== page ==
After all this communication, the dinner thus ended, the king rose up and went incontinent into the chamber of presence, where as my lord, and other of the lords were attending his coming, he called my lord into the great window, and talked with him there a while very secretly. And at the last, the king took my lord by the hand and led him into his privy chamber, sitting there in consultation with him all alone without any other of the lords of the council, until it was night; the which blanked his enemies very sore, and made them to stir the coals; being in doubt what this matter would grow unto, having now none other refuge to trust to but Mistress Anne, in whom was all their whole and firm trust and affiance, without whom they doubted all their enterprise but frustrate and void.

Now was I fain, being warned that my lord had no lodging in the court, to ride into the country to provide for my lord a lodging; so that I provided a lodging for him at a house of Master Empson’s, called Euston, three miles from Grafton, whither my lord came by torch lights it was so late or the king and he departed. At whose departing the king commanded him to resort again early in the morning to the intent they might continue their talk which they had then began and not concluded.

After their departing my lord came to. the said house at Euston to his lodging, where he had to supper with him divers of his friends of the court; and sitting at supper, in came to him Doctor Stephens, the secretary, late ambassador unto Rome; but to what intent he came I know not; howbeit my lord took it that he came to dissemble a certain obedience and love towards him, or else to espy his behaviour and to hear his communication at supper. Not withstanding my lord bade him welcome, and commanded him to sit down at the table to supper; with whom my lord had this communication under this manner.

“Master Secretary” quoth my lord, “ye be welcome home out of Italy; when came ye from Rome ?”

“Forsooth,” quoth he, ” I came home almost a month ago.”

” And where,” quoth my lord, ” have you been ever since?”

“Forsooth,” quoth he, “following the court this progress.”

” Then have ye hunted, and had good game and pastime,” quoth my lord.

“Forsooth, sir,” quoth he, “and so I have, I thank the king’s majesty.”

“What good greyhounds have ye?” quoth my lord ?

“I have some, sir,” quoth he.

And thus in hunting, and like disports, passed they all their communication at supper; and after supper my lord and he talked secretly together, till it was midnight or they departed.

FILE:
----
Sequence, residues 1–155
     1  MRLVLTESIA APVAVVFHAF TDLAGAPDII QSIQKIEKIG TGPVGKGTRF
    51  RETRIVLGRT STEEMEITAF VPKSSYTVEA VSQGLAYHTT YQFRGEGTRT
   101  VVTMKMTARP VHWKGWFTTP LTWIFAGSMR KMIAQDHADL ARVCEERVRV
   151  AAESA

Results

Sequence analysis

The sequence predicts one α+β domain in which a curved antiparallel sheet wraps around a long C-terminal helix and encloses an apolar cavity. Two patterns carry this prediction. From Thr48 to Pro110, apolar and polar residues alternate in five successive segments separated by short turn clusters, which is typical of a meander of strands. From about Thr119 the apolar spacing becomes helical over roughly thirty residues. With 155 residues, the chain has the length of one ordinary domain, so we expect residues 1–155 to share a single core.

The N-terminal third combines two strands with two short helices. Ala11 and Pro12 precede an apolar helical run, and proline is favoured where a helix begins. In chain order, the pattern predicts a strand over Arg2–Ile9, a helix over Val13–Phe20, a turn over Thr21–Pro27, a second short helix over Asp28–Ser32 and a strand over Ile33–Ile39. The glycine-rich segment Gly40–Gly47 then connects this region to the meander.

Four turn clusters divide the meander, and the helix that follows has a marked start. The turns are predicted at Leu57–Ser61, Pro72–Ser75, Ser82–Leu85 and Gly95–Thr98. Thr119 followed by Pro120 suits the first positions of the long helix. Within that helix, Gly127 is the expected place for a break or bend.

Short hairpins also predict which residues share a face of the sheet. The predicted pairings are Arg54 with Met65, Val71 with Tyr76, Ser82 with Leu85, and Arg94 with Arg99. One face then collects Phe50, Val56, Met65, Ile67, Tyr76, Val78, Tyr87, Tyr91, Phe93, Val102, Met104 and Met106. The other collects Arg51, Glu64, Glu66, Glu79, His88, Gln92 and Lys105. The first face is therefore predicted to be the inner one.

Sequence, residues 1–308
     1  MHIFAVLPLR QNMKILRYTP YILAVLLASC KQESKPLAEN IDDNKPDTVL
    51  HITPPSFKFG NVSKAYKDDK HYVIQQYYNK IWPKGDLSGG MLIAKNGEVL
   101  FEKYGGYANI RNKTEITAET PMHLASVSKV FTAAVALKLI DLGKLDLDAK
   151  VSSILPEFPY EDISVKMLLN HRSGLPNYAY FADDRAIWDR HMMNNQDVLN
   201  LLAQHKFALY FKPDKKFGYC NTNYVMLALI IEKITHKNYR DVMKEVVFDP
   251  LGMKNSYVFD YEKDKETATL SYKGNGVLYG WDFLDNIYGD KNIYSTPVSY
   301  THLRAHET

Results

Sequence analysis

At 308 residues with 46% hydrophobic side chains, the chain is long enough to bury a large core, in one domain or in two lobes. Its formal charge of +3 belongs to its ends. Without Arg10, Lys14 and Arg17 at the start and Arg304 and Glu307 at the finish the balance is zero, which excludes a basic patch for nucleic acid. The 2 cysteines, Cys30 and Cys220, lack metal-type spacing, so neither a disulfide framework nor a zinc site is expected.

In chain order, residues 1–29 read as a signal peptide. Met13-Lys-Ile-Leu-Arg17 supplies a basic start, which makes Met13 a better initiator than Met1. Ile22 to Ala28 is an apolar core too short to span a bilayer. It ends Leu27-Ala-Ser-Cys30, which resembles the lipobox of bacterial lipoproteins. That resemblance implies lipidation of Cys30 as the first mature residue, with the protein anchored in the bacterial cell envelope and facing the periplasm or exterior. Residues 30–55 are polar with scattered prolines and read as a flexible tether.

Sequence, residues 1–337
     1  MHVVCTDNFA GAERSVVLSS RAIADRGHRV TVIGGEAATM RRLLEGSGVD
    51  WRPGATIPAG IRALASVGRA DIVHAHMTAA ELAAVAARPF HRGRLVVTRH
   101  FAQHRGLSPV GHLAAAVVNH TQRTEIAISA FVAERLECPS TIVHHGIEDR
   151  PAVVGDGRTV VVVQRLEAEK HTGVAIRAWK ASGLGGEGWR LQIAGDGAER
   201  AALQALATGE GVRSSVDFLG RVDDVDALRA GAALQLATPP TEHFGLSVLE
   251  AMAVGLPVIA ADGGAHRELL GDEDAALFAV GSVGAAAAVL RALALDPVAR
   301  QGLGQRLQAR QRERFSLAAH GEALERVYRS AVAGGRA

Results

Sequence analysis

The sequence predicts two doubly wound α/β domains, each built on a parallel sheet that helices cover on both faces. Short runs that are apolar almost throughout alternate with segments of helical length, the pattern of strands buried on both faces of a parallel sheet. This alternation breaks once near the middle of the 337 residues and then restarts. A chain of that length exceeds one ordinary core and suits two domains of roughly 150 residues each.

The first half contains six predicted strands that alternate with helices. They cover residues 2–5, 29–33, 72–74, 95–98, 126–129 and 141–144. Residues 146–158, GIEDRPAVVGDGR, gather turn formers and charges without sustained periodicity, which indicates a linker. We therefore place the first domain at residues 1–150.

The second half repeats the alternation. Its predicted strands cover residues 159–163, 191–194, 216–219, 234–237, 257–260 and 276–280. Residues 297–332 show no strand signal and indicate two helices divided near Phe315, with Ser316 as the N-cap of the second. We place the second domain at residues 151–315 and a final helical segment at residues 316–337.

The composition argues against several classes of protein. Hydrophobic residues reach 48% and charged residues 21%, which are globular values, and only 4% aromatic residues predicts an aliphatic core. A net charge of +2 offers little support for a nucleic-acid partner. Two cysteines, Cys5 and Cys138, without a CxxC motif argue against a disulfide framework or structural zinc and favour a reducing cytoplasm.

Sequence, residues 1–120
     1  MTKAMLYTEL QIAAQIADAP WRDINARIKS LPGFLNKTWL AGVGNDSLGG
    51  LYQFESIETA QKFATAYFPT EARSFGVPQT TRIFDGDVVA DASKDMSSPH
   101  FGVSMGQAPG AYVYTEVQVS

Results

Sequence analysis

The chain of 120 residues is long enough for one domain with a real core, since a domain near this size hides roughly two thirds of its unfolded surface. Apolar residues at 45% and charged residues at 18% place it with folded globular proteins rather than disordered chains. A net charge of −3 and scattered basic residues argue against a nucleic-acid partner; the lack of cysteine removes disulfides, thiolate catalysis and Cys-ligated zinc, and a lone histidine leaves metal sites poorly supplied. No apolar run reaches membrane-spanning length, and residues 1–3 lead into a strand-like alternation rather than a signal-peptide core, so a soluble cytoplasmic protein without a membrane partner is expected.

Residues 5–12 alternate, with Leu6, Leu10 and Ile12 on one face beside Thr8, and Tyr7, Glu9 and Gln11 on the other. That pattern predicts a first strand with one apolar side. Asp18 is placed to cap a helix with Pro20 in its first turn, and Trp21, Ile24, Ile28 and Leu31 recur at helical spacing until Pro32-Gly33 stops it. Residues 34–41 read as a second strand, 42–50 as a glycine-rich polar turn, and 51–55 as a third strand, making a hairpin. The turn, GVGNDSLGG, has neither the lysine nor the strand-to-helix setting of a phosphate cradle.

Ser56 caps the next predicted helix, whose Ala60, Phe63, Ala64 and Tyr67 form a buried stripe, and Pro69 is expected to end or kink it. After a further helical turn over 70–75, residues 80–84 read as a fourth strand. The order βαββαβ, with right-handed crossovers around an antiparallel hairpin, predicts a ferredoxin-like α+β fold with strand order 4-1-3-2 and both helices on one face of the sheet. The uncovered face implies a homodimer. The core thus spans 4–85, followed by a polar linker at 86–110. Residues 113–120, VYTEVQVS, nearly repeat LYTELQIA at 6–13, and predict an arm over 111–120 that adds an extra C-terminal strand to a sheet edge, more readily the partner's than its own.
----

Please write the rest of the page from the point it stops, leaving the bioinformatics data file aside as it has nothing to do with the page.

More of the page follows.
The next morning my lord rose early and rode straight to the court; at whose coming the king was ready to ride, willing my lord to resort to the council with the lords in his absence, and said he could not tarry with him, commanding him to return with Cardinal Campeggio, who had taken his leave of the king. Whereupon my lord was constrained to take his leave also of the king, with whom the king departed amiably in the sight of all men. The king’s sudden departing in the morning was by the special labour of Mistress Anne, who rode with him, only to lead him about, because he should not return until the cardinals were gone, the which departed after dinner, returning again towards the Moor. The king rode that morning to view a ground for a new park, which is called at this day Hart-well Park, where Mistress Anne had made provision for the king’s dinner, fearing his return before the cardinals were gone.

Then rode my lord and the other cardinal after dinner on their way homeward, and so came to the monastery of St. Alban’s, and there lay one whole day; and the next day they rode to the Moor; and from thence the Cardinal Campeggio took his journey towards Rome, with the king’s reward; what it was I am uncertain. Nevertheless, after his departure, the king was informed that he [Campeggio] carried with, him great treasures of my lord’s, (conveyed in great tuns) notable sums of gold and silver to Rome, whither they surmised my lord [Wolsey] would secretly convey himself out of this realm. In so much that a post was sent speedily after the cardinal to search him; whom they overtook at Calais, where he was stayed until search was made; there was not so much money found as he received of the king’s reward, and so he was dismissed and went his way.

After Cardinal Campeggio was thus departed and gone, Michaelmas Term drew near, against the which my lord returned unto his house at Westminster; and when the Term began he went to the hall in such like sort and gesture as he was wont most commonly to do, and sat in the Chancery, being Chancellor. After which day he never sat there more.

The next day he tarried at home, expecting the coming of the Dukes of Suffolk and Norfolk, [who] came not that day; but the next day they came thither unto him; to whom they declared how the king’s pleasure was that he should surrender and deliver up the great seal into their hands, and to depart simply unto Asher,  a house situate nigh Hampton Court, belonging to the Bishopric of Winchester. My lord understanding their message, demanded of them what commission they had to give him any such commandment?

Who answered him again, that they were sufficient commissioners in that behalf, having the king’s commandment by his mouth so to do.

“Yet,” quoth he, ”that is not sufficient for me, without farther commandment of the king’s pleasure; for the great seal of England was delivered me by the king’s own person, to enjoy during my life, with the ministration of the office and high room of chancellorship of England: for my surety whereof, I have the king’s letters patent to show.”

Which matter was greatly debated between the dukes and him with many stout words between them; whose words and checks he took in patience for the time: in so much that the dukes were fain to depart again without their purpose at that present ; and returned again unto Windsor to the king: and what report they made I cannot tell; howbeit, the next day they came again from the king, bringing with them the king’s letters; After the receipt and reading of the same by my lord, which was done with much reverence, he delivered unto them the great seal, contented to obey the king’s high commandment; and seeing that the king’s pleasure was to take his house, with the contents, was well pleased simply to depart to Asher; taking nothing but only some provision for his house.

 

George Cavendish ,  Samuel Weller Singer. The Life of Cardinal Wolsey and Metrical Visions from the Original Autograph … . C. Whittingham.